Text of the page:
Before buying a pet insurance policy, it's important to be aware of both what is and is not covered under the terms of the contract. Many annual vet expenses will not be covered by your policy—no matter how good it is. For instance, expenses related to health and well being are never reimbursed—insurance won't pay for costs like neutering/spaying, vaccinations or flea/tick/wormer medication. To avoid being caught off guard by vet bills, be sure to read the wording of your specific policy terms.
Pet Insurance Coverage
At the heart of most pet insurance policies is coverage for accidents and illnesses that your pet may suffer. Accident cover provides reimbursement for vet bills to treat injuries from a one-off, unexpected event like a broken leg or a torn nail. Illness cover extends to treatment for infections or disease.
Examples of Common Ailments Covered by Pet Insurance
|Accident Cover||Illness Cover|
|Swallowing a foreign object||Skin disorders|
|Hit by a car||Ear infections|
|Break a bone||Eye illness|
Clearly one risk of not buying pet insurance is that you'll have to pay 100% of an injury or illness that occurs today. But there's an even greater risk that many pet owners are unaware of—not having pet insurance today can preclude you from certain coverage in the future, too. Pre-existing conditions are generally excluded from coverage, which means that any illness or injury that happens to your pet while uninsured will likely never be covered under future policies you may buy. Insurers will require a vet check to identify any pre-existing conditions and certify the health of your pet.
Accident-Only vs. Accident & Illness
The most comprehensive and common types of pet insurance cover both accidents and illness. Aside from pre-existing conditions, most insurers will cover most injuries and ailments that may befall your pet. This type of insurance typically ranges from £5 to £75 per month (or more for some breeds). Types of pet insurance policies that cover both accident and illness include time-limited, maximum benefit and lifetime.
Some insurers also offer a cheaper accident-only cover. Since more visits to the vet are due to illness than accident, however, these accident-only policies can leave you financially vulnerable if/when your pet falls ill due to disease or infection. Beware of the cheapest policies as they may offer accident cover only. Cheapest is not always best, especially when it comes to insurance.
Pet Insurance Exclusions
Each pet insurance company will have their own list of excluded claims. Below is a description of exclusions common to many pet insurance policies. Be sure to understand the exclusions on any policy before you buy, as they do vary from insurer to insurer.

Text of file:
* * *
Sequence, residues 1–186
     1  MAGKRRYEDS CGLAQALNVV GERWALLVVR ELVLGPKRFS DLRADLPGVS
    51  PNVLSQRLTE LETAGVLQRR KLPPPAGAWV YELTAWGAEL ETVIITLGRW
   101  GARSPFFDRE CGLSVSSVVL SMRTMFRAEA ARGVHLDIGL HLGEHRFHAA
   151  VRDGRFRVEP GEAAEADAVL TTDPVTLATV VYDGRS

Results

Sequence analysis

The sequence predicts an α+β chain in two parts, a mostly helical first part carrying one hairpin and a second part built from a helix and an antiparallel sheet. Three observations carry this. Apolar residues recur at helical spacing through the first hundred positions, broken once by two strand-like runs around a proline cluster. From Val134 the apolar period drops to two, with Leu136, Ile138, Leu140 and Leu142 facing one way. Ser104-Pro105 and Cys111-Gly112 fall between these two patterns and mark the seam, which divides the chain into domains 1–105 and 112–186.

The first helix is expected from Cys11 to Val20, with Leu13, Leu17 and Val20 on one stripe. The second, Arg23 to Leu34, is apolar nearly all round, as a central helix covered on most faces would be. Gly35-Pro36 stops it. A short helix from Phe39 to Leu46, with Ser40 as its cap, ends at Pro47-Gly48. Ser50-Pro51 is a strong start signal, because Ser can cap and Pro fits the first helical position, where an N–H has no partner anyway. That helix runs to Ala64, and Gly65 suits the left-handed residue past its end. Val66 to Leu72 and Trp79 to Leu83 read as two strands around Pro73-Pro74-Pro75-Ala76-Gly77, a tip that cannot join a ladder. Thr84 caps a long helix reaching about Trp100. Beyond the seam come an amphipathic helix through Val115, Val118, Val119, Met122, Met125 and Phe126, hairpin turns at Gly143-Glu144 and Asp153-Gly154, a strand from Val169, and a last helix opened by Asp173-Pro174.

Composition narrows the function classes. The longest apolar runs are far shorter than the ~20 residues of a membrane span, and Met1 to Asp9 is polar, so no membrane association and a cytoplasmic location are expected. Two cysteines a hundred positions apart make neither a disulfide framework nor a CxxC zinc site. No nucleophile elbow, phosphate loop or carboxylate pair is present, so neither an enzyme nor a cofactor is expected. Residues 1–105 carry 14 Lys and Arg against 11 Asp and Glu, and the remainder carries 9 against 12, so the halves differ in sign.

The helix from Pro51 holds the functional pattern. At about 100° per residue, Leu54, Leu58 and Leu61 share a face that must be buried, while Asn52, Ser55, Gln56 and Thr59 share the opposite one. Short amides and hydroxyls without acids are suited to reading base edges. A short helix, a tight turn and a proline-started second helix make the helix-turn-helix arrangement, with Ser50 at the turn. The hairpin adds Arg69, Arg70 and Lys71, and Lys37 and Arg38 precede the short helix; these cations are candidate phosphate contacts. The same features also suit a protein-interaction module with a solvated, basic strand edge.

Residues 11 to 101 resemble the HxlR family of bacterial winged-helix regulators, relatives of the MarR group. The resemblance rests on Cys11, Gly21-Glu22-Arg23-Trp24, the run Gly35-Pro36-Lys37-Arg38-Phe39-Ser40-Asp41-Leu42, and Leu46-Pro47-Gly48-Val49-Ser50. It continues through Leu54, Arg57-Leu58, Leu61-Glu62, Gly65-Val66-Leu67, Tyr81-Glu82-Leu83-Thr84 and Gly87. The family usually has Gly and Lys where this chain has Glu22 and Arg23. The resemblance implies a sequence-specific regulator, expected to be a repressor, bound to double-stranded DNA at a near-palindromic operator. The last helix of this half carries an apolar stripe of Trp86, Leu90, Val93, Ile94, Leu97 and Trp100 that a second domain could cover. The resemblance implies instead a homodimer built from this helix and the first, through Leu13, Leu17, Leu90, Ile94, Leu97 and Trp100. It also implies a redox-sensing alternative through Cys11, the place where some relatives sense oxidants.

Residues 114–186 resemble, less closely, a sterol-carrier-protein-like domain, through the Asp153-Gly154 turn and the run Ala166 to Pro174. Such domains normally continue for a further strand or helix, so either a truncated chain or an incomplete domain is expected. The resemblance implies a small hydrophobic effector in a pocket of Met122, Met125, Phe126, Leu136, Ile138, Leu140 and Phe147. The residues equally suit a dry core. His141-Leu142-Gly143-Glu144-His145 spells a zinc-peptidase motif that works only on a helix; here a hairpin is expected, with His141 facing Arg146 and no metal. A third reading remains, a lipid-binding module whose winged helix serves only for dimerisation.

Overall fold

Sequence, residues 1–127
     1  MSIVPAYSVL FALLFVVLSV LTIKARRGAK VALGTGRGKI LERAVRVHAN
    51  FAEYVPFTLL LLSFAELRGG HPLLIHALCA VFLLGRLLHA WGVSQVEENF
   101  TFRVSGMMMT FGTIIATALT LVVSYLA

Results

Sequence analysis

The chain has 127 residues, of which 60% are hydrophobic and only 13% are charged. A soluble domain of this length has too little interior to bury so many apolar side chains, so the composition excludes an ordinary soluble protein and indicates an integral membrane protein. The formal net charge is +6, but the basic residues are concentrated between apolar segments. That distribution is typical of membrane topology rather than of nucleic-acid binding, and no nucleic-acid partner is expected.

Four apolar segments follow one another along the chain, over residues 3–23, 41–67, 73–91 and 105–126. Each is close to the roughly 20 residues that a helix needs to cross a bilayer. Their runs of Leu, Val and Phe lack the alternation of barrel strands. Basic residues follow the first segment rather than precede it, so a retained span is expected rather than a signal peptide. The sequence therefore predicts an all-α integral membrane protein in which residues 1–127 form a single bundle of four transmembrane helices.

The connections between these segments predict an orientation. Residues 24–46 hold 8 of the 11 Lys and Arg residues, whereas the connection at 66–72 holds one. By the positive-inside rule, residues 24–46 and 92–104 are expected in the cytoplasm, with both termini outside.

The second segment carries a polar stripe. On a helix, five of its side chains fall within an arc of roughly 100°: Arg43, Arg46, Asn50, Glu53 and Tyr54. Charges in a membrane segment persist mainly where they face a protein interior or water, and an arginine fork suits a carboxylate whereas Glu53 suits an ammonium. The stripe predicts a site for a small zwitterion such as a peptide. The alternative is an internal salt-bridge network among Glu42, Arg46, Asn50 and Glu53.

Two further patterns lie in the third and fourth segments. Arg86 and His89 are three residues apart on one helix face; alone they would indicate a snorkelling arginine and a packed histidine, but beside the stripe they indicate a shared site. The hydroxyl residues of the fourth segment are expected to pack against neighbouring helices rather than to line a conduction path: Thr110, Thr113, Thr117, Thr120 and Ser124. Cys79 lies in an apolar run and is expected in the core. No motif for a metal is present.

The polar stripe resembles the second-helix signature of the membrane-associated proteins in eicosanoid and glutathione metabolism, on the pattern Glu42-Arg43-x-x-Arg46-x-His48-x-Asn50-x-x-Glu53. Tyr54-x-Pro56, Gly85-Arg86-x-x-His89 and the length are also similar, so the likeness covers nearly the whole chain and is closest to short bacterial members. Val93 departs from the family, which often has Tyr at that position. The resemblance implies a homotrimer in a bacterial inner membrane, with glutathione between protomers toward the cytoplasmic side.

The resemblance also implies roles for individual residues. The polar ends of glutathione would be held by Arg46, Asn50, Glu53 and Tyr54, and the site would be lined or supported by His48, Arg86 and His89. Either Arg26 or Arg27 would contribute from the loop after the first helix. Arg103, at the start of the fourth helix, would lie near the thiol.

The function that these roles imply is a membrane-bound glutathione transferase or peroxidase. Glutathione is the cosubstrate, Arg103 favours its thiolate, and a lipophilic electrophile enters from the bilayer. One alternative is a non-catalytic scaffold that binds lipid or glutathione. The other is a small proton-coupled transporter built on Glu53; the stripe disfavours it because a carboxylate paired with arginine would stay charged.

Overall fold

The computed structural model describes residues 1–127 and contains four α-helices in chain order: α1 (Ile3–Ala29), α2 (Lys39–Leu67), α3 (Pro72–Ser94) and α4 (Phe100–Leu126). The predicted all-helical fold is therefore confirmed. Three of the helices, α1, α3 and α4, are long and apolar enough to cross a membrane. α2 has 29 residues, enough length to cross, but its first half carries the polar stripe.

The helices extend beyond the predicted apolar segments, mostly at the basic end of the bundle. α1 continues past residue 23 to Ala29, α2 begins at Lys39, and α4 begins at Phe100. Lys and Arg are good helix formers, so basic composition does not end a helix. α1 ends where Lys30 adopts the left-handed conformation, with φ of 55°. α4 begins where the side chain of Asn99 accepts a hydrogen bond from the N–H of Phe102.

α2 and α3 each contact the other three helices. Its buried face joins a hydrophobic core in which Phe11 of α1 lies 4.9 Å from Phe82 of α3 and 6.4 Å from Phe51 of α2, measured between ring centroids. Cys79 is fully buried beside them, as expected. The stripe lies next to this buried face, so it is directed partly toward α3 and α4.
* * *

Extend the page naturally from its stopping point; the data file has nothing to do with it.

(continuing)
When a condition affects a body part on one side of the body of which your pet has two (e.g., ears, eyes, knees, cruciate ligaments), both body parts are essentially counted as one. This matters when it comes to insurance policies with a maximum benefit limit, which impose a maximum reimbursement amount per condition.
For example, an ear infection on the left side and another on the right side are considered to be one bilateral condition (e.g., ear infections), not two separate conditions (e.g., right ear infection and left ear infection). If your maximum benefit per condition is £1,000 then the most the insurance company will pay in reimbursements for both ear infections is £1,000 total (not £1,000 per ear).
Insurers generally will not cover any pre-existing conditions—that is, any injury or illness that your pet had before the commencement date of a policy. Pre-existing conditions extend to include previous injuries or illnesses, even if your pet is healthy when the policy starts. For example, if your pet suffered an ear infection years ago, any new policy for which you apply would exclude ear infections as a pre-existing condition—even if at the commencement of the new policy your pet is infection free.
Routine and preventative care:
Routine and preventative treatments are not covered under pet insurance policies. Despite being helpful in preventing future illnesses, insurance generally won't reimburse for the following:
- Flea/tick/worm medicine
- Grooming/nail clipping
- Teeth cleaning
Claims made in the first 5 - 14 days
The window varies from insurer to insurer, but typically a policy will not cover claims made for accidents/injuries made in the first 5 days or illnesses in the first 14 days of the policy commencement date. Insurance companies impose this window to prevent pet owners from taking out insurance only once their pet becomes ill or injured.
3rd Party Liability and Other Features
Pet insurance in the UK wider coverage than just health care. Most policies offer some or all of the following added features. 3rd party liability is somewhat standard, whereas the other features may or may not be covered on your policy, or may be available as an add on for extra cost.
- 3rd party liability (people and property)
- Loss of pet (theft or straying)
- Holiday cancellation
- Boarding fees
- Death benefits
- Overseas cover
- Advertising and Reward
Before buying a policy, be sure to understand how pet insurance works. Read through the terms thoroughly to see if the offered coverage is sufficient for the needs of both you and your pet.